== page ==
By Loubna Flah
By Loubna Flah
Morocco World News
Casablanca, August 4, 2013
The U.S. State Department issued a global travel alert Friday to warn against potential attacks by al Qaeda in the Middle East, North Africa and beyond in the coming weeks.
In a precautionary measure, the US decided to close 21 embassies and consulates on Sunday. A US official told the CNN that the US received information from its intelligence services about potential attacks in Yemen, the Middle East and North Africa. Sources close to the intelligence services revealed that al Qaeda in the Arabian Peninsula members are in the final stages of planning for an unspecified attack.
The State Department issued a list of 21 embassies and consulates that will close on Sunday. The 17 embassies in the alert list include U.S. embassies in Afghanistan, Algeria, Bahrain, Bangladesh, Djibouti, Egypt, Iraq, Jordan, Kuwait, Libya, Mauritania, Oman, Qatar, Saudi Arabia, the United Arab Emirates, Sudan and Yemen.
The U.S. embassy in Israel will be closed as well. Consulates in Iraq, Saudi Arabia and the United Arab Emirates are also being shut down for the day but still operate with minimal staff on Fridays and Saturdays.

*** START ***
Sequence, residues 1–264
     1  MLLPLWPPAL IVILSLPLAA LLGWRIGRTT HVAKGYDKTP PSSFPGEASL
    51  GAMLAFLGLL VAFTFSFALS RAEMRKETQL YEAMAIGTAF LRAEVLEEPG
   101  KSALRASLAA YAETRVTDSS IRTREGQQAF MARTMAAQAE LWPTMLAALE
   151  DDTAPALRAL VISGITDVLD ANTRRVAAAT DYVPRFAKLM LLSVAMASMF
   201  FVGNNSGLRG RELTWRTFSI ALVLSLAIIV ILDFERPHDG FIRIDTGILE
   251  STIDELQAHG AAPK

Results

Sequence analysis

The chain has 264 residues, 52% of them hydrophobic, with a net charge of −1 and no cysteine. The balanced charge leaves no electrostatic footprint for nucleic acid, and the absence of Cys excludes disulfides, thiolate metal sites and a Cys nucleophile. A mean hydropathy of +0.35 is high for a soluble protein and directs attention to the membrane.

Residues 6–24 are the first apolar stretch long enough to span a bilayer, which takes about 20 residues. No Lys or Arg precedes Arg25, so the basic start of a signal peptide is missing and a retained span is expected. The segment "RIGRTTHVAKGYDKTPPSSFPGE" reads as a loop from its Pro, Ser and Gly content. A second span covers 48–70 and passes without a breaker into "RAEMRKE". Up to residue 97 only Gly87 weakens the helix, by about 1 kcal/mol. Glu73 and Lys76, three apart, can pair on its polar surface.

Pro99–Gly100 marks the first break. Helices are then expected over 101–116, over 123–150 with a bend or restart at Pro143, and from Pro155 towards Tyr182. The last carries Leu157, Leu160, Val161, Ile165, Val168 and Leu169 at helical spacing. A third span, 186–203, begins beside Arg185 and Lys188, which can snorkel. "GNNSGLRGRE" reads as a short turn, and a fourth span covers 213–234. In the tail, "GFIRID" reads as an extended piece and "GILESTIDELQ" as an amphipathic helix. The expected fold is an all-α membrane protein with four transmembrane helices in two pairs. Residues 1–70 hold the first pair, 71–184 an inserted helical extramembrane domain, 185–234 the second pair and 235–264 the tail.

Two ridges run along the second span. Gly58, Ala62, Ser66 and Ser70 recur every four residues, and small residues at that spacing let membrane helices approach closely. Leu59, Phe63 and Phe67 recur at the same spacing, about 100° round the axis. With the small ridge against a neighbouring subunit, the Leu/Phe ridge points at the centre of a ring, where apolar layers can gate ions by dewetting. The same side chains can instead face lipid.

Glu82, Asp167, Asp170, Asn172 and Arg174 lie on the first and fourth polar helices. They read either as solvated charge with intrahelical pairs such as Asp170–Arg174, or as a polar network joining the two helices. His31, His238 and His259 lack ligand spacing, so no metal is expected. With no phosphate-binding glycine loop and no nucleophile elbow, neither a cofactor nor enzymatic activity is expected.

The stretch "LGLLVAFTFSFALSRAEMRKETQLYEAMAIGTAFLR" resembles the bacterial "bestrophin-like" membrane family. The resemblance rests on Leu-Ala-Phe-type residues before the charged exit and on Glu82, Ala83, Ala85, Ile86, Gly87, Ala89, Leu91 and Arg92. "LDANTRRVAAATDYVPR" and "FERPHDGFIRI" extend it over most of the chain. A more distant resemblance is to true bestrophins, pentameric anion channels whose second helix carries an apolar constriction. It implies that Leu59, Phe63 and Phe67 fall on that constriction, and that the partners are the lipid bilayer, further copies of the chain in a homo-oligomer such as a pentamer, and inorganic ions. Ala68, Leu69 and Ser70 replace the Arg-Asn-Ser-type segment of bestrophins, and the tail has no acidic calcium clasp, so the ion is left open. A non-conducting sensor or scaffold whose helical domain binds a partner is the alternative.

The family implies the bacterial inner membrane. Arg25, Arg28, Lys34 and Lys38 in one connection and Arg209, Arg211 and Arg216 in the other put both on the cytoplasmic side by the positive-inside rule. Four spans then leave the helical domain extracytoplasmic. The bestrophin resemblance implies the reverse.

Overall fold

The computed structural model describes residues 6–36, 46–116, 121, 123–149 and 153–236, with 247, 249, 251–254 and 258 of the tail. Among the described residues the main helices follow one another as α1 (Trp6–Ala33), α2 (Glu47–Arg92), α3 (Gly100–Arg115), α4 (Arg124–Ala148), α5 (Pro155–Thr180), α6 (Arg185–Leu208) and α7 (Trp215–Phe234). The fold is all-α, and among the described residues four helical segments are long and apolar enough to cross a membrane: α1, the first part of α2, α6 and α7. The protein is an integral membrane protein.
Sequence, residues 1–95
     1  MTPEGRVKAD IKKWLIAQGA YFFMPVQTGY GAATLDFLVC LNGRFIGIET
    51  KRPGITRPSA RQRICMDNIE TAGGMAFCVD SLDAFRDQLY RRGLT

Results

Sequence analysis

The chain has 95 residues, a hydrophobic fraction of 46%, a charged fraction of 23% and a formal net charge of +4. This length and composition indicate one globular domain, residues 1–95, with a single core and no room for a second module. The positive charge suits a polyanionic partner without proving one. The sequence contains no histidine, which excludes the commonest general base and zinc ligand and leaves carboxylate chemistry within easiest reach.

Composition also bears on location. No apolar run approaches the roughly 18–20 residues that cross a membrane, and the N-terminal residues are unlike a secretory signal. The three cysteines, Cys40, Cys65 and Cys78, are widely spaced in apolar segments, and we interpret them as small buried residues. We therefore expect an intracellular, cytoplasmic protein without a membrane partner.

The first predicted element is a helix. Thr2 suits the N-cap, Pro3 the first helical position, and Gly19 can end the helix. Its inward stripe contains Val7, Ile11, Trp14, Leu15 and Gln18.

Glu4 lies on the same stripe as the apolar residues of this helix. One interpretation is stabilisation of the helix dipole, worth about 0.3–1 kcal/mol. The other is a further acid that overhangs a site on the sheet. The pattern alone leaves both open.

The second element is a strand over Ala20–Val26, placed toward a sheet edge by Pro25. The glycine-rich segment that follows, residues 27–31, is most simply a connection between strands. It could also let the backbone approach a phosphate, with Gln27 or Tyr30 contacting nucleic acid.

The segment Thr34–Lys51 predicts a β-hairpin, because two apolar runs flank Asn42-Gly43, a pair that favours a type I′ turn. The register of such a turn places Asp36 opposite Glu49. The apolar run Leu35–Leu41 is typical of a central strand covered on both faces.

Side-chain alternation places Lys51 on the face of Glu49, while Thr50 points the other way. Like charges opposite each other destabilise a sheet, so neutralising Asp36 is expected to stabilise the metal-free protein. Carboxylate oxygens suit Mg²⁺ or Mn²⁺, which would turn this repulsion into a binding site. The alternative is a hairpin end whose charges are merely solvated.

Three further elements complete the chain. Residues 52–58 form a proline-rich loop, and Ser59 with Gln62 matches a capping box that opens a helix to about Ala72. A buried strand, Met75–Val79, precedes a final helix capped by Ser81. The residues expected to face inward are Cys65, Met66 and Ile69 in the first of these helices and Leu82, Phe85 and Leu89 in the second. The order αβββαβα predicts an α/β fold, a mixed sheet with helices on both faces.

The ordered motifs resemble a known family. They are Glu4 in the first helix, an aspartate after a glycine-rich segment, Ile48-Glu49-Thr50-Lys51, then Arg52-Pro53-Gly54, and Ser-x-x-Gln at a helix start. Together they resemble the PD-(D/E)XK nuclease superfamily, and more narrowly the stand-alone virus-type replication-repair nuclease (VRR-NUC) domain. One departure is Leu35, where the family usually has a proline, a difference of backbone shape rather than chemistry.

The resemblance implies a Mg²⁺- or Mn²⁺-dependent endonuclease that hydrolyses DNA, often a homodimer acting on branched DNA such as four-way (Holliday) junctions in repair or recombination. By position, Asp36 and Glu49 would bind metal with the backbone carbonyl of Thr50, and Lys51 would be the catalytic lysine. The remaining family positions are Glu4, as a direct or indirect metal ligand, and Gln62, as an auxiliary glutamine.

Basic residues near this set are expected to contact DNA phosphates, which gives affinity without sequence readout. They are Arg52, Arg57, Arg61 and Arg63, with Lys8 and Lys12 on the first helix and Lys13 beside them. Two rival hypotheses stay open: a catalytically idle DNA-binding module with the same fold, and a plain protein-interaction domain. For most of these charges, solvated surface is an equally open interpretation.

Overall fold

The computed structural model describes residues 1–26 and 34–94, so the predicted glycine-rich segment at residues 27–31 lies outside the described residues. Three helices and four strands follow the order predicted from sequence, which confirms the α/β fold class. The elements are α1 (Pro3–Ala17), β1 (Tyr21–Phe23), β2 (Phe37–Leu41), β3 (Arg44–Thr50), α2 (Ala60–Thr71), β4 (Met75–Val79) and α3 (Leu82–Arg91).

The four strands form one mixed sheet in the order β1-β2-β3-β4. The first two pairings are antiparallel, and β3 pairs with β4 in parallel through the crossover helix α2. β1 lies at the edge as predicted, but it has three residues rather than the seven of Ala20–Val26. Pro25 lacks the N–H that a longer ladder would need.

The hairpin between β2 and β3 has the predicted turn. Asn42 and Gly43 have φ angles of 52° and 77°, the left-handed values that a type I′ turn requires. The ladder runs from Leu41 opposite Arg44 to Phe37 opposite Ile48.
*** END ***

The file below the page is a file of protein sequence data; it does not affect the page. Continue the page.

A senior State Department official said that the shutdown of the aforementioned embassies could extend beyond Sunday. The expected time of the potential attack also is not precisely known. However, he US. Travel alert notes that the threat may extend through the end of August.
The alert states “Terrorists may elect to use a variety of means and weapons and target both official and private interests. U.S. citizens are reminded of the potential for terrorists to attack public transportation systems and other tourist infrastructure.”
Retired Gen. James Mattis who was responsible for a 20-country area that includes the Middle East said the decision to close the embassies shows the reality of the threat and the wisdom of U.S. policymakers.
According to Aljazeera, Britain, Germany, France and the Netherlands said they would close their embassies in Yemen on Sunday and Monday to prevent any attack on their staff while Yemeni authorities remain on a state of high alert.
According to the same source, Interpol said it suspected that al-Qaeda was behind recent jailbreaks in nine countries, namely Iraq, Libya and Pakistan. The global police agency said the jailbreaks had “led to the escape of hundreds of terrorists and other criminals” in the past month alone.
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